“Oh, how can you drink that stuff?” ask the tourists and the unintiated. Yes, some grappa can be like drinking throat-stripping hi-test fuel oil, but a good grappa has a grab that tickles your palette and warms the innards. Cheap grappa may be nasty as a digestivio, but it's great for cooking as it has an inherent sweetness that plays nicely with a bit of spice.
The other night we were at Enoteca Wine Club in Umbertide, and they had baby chicken marinated in grappa on the menu. Patrick, one of the owners, and an outstanding sommelier, said he was surprised how much people enjoyed the dish. I was surprised too, because when I cook with grappa, I keep it a secret so I don’t have to go through the whole spiel of “I know you don’t like grappa but…”
So Patrick has given me the courage to come clean. I cook with grappa and I’m proud of it.
Go out and buy a bottle of cheap grappa. Also buy a bottle of good grappa so you can become better acquainted.
Drunken Quail with Garlic Chips on Crispy Saffron Rice
2 quail per person
Grappa, white wine
½ cup of aborio or bomba rice per person
1 ½ cups warm chicken or vegetable stock per person
2 large cloves of garlic per person
1 cup frozen peas (totally optional!)
Salt, fennel pollen if you can get it, smoked spicy paprika, saffron
Marinate the quail in grappa for 4-6 hours. Be generous; drown those birdies in the booze.
When it's roasting time, remove the birds from the grappa and discard the grappa. Using scissors, cut the bird open lay each one flat on a baking sheet. Generously salt the birds, and sprinkle them with fennel pollen. Roast at 350F/180C for 30 minutes.
Use an aborio or bomba variety of rice as these absorb moisture without coming apart like a basmati rice would do. Plan on approximately ½ cup of rice per person, and you’ll need about 1 1/2 cups of stock per ½ cup of rice. Use a vegetable or chicken stock.
The saffron is optional, but I love saffron so for me, its obligatory. Place a few strands of saffron in a small glass of white wine and let steep while you cook the rice.
Place the rice in a flat-bottomed pan, like a paella pan. I’m hesitant to use the word paella here because people make all different types of paellas and I don’t want to get into a what-is-an-authentic-paella-pissing match, ok? Let’s just call it crispy rice.
Much as you would with a risotto, add a glug of olive oil, turn on the heat to medium and toast the rice. That means roll it around in the oil until everything gets hot and toasty, but don’t brown the rice.Start adding the warm stock to the rice, enough stock to cover the pan and float the rice.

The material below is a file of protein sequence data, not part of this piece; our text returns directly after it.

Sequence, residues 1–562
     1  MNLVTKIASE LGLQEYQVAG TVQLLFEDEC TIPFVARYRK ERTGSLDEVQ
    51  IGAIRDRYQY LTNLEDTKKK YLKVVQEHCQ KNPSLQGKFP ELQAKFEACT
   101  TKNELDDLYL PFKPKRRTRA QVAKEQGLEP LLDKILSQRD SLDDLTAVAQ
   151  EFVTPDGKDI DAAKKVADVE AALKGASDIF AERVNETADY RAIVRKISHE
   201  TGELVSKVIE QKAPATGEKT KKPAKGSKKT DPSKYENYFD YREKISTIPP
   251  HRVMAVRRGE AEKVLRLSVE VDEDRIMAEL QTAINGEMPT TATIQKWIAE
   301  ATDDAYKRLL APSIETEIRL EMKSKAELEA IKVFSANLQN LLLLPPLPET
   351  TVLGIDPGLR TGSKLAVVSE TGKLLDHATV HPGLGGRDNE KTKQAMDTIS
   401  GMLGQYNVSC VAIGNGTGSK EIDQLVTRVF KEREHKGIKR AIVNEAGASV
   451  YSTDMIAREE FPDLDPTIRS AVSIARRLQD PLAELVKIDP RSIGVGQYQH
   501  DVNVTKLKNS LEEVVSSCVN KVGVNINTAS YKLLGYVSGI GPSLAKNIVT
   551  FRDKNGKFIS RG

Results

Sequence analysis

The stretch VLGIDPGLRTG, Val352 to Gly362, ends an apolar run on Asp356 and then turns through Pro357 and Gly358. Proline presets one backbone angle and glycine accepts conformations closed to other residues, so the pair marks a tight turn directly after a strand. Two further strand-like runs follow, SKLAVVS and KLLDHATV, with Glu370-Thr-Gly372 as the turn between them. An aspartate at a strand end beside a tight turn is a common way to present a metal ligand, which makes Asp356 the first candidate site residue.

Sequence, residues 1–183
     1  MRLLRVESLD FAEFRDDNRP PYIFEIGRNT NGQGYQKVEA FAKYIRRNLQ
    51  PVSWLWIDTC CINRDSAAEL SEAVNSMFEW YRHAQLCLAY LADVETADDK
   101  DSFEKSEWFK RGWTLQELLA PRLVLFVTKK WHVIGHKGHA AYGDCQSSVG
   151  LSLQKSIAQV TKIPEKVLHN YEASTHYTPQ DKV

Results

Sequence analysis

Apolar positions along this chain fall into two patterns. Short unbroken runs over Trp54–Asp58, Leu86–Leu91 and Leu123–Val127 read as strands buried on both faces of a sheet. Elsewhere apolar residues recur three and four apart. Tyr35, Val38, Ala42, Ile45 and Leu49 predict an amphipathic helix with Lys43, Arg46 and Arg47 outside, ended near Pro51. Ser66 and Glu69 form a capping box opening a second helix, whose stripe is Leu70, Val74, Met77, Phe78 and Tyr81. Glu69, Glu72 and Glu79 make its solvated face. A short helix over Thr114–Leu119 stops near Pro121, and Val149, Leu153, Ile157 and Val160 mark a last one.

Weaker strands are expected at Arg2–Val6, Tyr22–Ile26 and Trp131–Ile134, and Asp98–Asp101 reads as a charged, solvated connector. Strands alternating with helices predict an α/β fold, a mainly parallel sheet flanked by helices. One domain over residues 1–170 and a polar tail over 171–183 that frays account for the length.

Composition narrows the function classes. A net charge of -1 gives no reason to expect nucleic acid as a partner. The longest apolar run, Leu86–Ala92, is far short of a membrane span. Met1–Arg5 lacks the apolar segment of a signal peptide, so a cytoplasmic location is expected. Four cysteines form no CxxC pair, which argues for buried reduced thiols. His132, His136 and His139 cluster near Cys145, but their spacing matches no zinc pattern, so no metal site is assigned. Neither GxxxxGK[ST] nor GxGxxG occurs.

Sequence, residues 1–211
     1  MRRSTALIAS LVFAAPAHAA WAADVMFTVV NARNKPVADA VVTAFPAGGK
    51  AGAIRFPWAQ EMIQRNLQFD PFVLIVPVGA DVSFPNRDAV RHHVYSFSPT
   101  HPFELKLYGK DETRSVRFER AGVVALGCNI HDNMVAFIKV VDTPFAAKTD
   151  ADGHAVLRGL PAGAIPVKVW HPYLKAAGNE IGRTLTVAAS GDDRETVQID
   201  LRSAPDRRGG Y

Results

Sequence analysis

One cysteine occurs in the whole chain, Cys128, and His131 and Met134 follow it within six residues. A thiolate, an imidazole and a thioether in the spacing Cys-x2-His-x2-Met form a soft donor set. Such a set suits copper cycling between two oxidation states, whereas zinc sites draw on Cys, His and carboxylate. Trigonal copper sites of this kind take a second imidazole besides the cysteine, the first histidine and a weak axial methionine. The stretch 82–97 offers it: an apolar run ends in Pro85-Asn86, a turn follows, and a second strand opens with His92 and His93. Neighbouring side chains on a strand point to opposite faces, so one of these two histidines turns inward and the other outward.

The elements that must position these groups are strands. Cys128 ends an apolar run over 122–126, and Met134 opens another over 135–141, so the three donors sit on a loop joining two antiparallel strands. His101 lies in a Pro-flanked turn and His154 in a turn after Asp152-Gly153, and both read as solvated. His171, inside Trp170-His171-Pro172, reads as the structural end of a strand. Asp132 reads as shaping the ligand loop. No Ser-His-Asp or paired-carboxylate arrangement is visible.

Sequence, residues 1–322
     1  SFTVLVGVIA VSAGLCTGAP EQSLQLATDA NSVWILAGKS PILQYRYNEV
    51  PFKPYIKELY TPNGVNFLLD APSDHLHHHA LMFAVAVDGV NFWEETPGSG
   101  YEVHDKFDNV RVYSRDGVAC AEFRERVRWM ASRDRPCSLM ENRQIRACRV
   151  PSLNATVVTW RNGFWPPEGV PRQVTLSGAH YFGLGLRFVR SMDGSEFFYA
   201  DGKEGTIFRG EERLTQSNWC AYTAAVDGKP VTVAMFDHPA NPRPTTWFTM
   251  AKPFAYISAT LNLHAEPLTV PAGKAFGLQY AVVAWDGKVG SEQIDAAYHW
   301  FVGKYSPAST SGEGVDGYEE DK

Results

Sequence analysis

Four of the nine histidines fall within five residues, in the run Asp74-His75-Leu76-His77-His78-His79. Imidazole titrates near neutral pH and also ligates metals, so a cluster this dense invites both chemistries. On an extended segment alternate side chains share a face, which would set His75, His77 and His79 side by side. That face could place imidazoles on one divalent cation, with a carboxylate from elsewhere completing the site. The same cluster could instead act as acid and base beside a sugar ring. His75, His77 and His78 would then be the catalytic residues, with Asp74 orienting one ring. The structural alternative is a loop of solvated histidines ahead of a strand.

Keep adding stock and stirring the rice as the pan dries out. You want the rice to be about ¾’s cooked. (How to tell if the rice is nearly done: taste a few grains, they should be soft almost halfway through, with still a bit of hard crunch in the middle.) This should take about 10-12 minutes.
Add the white wine and saffron and the remaining stock to the pan, stir in the frozen peas if you are using them and put the pan in the oven on a rack above the quail. The liquid will evaporate and the rice will become brown and crispy on top.
The Garlic Chips
Peel 3 to 4 large cloves of garlic. Using a mandolin, thinly slice the garlic. (I use the 2.0mm setting on my mandolin.)
In a small pan, add enough olive oil to form a shallow pool to fry the garlic. They need to be able to float in the oil. Heat the oil to 350F/180C (use a thermometer when you fry things, its hard to do this by eye or feel). Add the garlic slices and fry for 1-2 minutes until they just start to turn golden. Remove the slices from the oil and drain. Turn the oil off, but don’t discard it because you are going to fry the garlic slices one more time right before serving.
Remove the quail from the oven and liberally dust with the spicy smoked paprika.
Turn the oven on to broil and broil the surface of the rice. Not too close to the broiler coils; but close enough to give the rice an extra crispy finish.
Reheat the oil to 350F/180C or even a bit hotter. Add the garlic chips and fry again until golden, about 30-45 seconds. Drain the chips and discard the oil.
Great! Now you’ve got one grappa recipe and a mostly full bottle of industrial strength grappa. Mushrooms to the rescue.
Fresh mushrooms, whatever kind you can find or that you like
Olive Oil, Butter
Shallot, Garlic, Lemon Juice, Salt and a lot of Pepper
Roughly chop the cleaned mushrooms. Finely chop the shallot. Place both in a large sauté pan (big enough so the mushrooms have room to dance around the pot), add a glug of olive oil, a sprinkle of salt, turn the heat onto medium high and cover the pot. When the mushrooms start to give up their moisture, add a good size glug of grappa to the pan, cover the pan and cook for 1-2 minutes, then uncover the pan and let all of the moisture evaporate.
When the pan is dry and sizzling, turn off the heat, swirl in a knob of butter, add a generous sprinkle of pepper and a good squeeze of lemon juice. Eat while they are mad hot!
The mushrooms are so quick, easy and delicious, you’ll use up that bottle of grappa in no time.
Now, as for the good grappa? Look for a golden color grappa, that means it’s been in oak and is a softer, warmer flavored grappa. Enjoy a small amount after dinner as a digestivo. Enjoy a large amount after dinner and you risk a magnificent headache in the morning. Always respect the grappa!